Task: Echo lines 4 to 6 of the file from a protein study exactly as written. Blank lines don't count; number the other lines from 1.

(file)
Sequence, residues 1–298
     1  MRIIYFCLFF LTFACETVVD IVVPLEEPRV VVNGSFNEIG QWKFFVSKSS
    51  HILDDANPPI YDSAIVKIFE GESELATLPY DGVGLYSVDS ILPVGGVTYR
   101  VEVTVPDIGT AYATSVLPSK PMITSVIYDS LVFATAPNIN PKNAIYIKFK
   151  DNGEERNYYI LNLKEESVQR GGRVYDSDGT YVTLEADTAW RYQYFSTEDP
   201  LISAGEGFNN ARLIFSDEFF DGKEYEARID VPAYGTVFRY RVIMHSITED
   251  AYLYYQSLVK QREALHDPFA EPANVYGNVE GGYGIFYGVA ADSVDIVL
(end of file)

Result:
   101  VEVTVPDIGT AYATSVLPSK PMITSVIYDS LVFATAPNIN PKNAIYIKFK
   151  DNGEERNYYI LNLKEESVQR GGRVYDSDGT YVTLEADTAW RYQYFSTEDP
   201  LISAGEGFNN ARLIFSDEFF DGKEYEARID VPAYGTVFRY RVIMHSITED